Photos by Renata Buziak
“What really has stood out for me at Lines is the company, and spending time with the other artists during the first week. The energy, and the conversations — and then separating to work during the day, and then meeting afterwards and sharing meals and more conversation together.
“And because we’re here for the same reason and purpose it’s very exciting to have that sense of community and spirit. Talking with Sharon – she was very good as a curator – very supportive and always generous with her positive energy. And thanks to her, my work is outside along the Gorge Walk.
“I hope to follow up on what I’ve done outside, so maybe it’s the beginning of something new. It’s been a great experience for me to go out in Nature, move my work from the gallery setting to the out-of-doors and re-introduce the images I’ve made of plants back into the environment. It’s very exciting conceptually, and I’m looking forward to taking this further.
“I have been working with the Biochromes since 2004. The images I’ve created specifically for this project on Stradbroke come from a list of plants I wanted to work with, and taken from the book, The Flora of North Stradbroke Island, by K Stephens and D Sharp. On many visits here to the island, I went out and looked for these plants. I’ve been able to discuss my project with some elders and community members and have used the plants to compose imagery. I make the actual images by putting the plants in direct contact with the photographic materials. They are in a closed environment for the duration of a few weeks, and the first image is created by biological and chemical reactions – micro-organic activity helps to create the work. I dry the initial composition and photograph or scan it to show what the process has created.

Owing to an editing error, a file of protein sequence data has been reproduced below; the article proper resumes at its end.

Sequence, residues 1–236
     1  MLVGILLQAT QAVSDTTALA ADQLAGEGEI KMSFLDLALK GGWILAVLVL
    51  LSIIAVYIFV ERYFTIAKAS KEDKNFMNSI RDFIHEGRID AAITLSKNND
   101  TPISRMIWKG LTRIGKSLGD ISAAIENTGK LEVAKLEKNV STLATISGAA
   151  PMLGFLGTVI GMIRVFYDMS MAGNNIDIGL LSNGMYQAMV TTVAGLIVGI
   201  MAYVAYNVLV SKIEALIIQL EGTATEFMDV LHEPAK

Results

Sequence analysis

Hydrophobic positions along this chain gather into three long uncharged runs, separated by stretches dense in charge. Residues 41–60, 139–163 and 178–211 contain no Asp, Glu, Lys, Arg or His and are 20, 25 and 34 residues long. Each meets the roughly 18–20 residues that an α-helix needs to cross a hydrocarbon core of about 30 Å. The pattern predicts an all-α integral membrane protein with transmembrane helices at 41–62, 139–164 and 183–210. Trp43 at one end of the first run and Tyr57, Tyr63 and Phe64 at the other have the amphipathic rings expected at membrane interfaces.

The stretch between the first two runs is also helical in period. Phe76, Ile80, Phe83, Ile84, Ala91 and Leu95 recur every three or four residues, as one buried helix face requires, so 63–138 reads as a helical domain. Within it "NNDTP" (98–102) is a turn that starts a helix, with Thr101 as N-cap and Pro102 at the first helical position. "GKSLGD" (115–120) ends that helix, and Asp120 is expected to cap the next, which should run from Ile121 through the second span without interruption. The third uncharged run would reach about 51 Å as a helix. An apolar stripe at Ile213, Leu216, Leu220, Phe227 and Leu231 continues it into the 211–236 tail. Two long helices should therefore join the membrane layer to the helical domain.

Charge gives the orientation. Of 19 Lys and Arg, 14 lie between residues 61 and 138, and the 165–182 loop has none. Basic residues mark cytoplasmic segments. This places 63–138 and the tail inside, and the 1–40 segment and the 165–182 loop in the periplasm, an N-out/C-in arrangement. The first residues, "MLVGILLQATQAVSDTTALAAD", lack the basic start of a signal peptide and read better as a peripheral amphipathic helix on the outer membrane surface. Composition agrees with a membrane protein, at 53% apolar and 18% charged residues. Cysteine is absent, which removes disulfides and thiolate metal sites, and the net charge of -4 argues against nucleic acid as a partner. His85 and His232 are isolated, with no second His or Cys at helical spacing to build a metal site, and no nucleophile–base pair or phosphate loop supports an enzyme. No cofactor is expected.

“For this project, I experimented particularly with leaving the leaves outside of the picture frame, in order to push the boundaries of composition, create more visual tension and to give the sense of growth and expansion. The end product is the initial arrangement enlarged. Then the viewer can see on a larger scale the plants’ structures and results of natural decomposition. I use Hahnemuhle Torchon 285 gsm paper for my prints because it’s very thick and has wonderful texture. Also, I use ultrachrome pigment printing, which is an archival pigment-based ink, as opposed to regular printing inks, they are very stable with good, clear and large range of colours.
“I started the biochromes in 2004 at QCA. I’ve experimented with many processes and the biochromes are the results of working through lots of false starts. I studied with Siegfried Manietta, the lecturer in photography at QCA. He talked about photographic rules, different ways of protecting equipment, tools and how you use them, but also options if we look outside the square. I keep experimenting with process and images – breaking the rules to see what happens if I come at my work the other way around.
“When I was about ten, my older sister set up a darkroom, and I experimented with the way it all worked, and I’ve loved photography since then. It’s more exciting for me to follow some rules, but not all of them, and not for their own sake. My interest in plants has also been with me since my childhood. My aunty has a farm in the small village where I’m from in Poland. As kids, we always went outside into nature collecting berries and mushrooms and other plants. Everyone has a big garden with veggies, and it’s always been an annual event to make preserves for winter: compotes, preserved plums and cherries, dill cucumbers, pickled mushrooms and vegetables, and jams from berries or plum powidl – it’s more of a spread than a jam.
“It’s very important for me to have contact with Quandamooka people here on Stradbroke. It’s been very enriching and important to me as a person. Through Nature I’m making this my home even more so. That’s what I’ve brought over here with me. I love it and that it’s a passion. There is so much opportunity in this country.